Elton John’s been sharing his music with the world for nearly half a century now, tugging our heartstrings and shuffling our shoes with classic albums like Caribou, Honky Chateau, Madman Across the Water, Captain Fantastic and The Brown Dirt Cowboy, and Reg Strikes Back.
“My gift is my song,” Sir Elton famously sang on his 1970 eponymous album. “This one’s for you.”
Clearly, John’s “song” is a gift that keeps on giving: The man born Reginald Kenneth Dwight in Middlesex, England 67 years ago has sold more albums (300 million) than any other non-Beatle save Elvis Presley, whose early records inspired young Elton to rock. He’s released over 30 albums, boasts an astounding fifty Top 40 hits, and was a constant chart presence from the late ‘70s through the 2000s—all despite (or in some cases because of) prevailing musical trends, ever-shifting audience tastes, and consolidation / reformatting of commercial radio.
The flamboyant voice behind “Bennie and The Jets” and “Tiny Dancer” boasts an impressive collection of Tony, Grammy, Golden Globe, and Academy Awards. John was also inducted into the Rock and Roll Hall of Fame in 1994, knighted by Queen Elizabeth II in ’96, and was a Kennedy Center honoree in 2004. He’s performed over 4,000 concerts in his career (including hundreds of team-up shows with fellow “Piano Man” Billy Joel), founded his own record label (Rocket), and is a noted philanthropist, having lent his wealth and fame to charitable causes for AIDS research and LGBT empowerment.
Even after all this time, he’s still standing: John issued his 31st album—The Diving Board—in 2013, and this Spring he just wrapped a world tour marking the 40th anniversary of Goodbye, Yellow Brick Road. During the intervening months, John enjoyed another residency at The Colosseum at Caesar’s Palace in Las Vegas, where he regaled packed audiences from an elaborate stage whose centerpiece was a state-of-the-art grand piano tricked out with a translucent top and LED screens whose video displays corresponded to its environs.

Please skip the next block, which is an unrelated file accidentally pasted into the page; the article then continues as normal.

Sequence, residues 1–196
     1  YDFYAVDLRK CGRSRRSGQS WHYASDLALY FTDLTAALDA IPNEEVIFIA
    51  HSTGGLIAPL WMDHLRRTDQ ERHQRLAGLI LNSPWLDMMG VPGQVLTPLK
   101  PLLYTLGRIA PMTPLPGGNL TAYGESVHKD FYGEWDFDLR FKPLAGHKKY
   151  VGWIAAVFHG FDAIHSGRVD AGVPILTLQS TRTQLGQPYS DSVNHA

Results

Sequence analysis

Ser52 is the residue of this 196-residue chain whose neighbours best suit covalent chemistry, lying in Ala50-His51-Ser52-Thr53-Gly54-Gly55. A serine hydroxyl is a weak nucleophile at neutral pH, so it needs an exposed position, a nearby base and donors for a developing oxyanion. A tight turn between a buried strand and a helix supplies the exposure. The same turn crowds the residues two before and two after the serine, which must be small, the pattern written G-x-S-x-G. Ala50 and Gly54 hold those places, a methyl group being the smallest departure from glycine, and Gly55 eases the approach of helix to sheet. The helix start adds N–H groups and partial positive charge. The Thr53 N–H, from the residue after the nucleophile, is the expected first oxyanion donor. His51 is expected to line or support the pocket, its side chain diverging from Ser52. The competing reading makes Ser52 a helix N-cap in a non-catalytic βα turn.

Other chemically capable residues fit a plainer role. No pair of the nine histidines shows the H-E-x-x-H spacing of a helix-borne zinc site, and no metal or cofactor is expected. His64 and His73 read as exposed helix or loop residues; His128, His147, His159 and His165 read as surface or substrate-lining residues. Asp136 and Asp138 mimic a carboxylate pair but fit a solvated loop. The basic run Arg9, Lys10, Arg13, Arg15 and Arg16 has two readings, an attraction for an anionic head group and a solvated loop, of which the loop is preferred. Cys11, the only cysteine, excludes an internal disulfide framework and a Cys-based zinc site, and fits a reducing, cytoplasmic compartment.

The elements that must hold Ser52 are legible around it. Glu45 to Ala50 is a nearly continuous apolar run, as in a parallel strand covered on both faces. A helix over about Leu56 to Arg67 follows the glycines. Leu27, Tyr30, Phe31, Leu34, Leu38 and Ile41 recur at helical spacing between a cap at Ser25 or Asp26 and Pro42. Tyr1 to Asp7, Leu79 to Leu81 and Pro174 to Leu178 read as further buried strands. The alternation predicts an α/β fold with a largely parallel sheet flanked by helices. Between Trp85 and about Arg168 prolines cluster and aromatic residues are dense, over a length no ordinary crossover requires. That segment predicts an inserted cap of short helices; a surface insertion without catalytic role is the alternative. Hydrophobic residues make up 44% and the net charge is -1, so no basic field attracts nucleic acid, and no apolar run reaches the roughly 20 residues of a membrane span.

Now available on DVD and Blu-Ray, Elton John: The Million Dollar Piano (Eagle Rock) documents the megastar’s most recent 16-gig Caesar’s stand and celebrates his long-term partnership with Yamaha, whose engineers constructed the dazzling, titular sci-fi instrument.
John hosted a similar event (The Red Piano) at the legendary Neveda venue a decade ago, but Million Dollar Piano—launched in 2011—took Elton’s already elaborate concert experience to new levels with its lavish lighting schemes and sublime musical arrangements. Conceived by designer Patrick Woodroofe and late producer Mark Fisher, the updated show saw Sir Elton and his crack band thrill concertgoers with a marathon of hits (and a couple obscure tracks) from his prodigious back catalog, all staged amidst the dramatic visuals provided by a massive video backdrop, swooping gels, and the piano’s uber-cool onboard tech.
Rather than source video from any one gig, John’s editors have painstakingly assembled footage from several nights (taken from multiple cameras) into one seamless multimedia medley. In other words, the DVD provides the best of the best. John and his accompanists wore the same attire each time out, so there are few if any continuity issues, and only the keenest viewers might detect something amiss that’d suggest these familiar tunes weren’t all sourced from the same two-hour spectacle (we didn’t notice anything).
Striding onstage to Strauss’ bombastic (but fitting) “Also Sprach Zarathustra” (the overture from Stanley Kubrick’s 2001: A Space Odyssey), a caped Sir Elton takes a quick bow before warming the ivories on an uppity “The Bitch is Back” and psychedelic “Benny and The Jets.” The Yamaha beams to life on “Rocket Man,” its screens casting images of starry skies and a crimson-hued Mars through the tune’s still-heartbreaking “I’m not the man they think I am at home” refrain.
Greeting the crowd (and, indirectly, his home audience), John explains that he nicknamed his five touring pianos after his favorite female musicians (Aretha, Diana, Nina, etc.). The piano used on the “Red” tour was dubbed—rather appropriately—Nikita.
The sparkling Million Dollar Piano? Blossom.
“It has an aquarium built into it,” says Elton, whose voice is huskier than it was in the ‘70s and ‘80s but is just as strong—and perhaps even more soulful.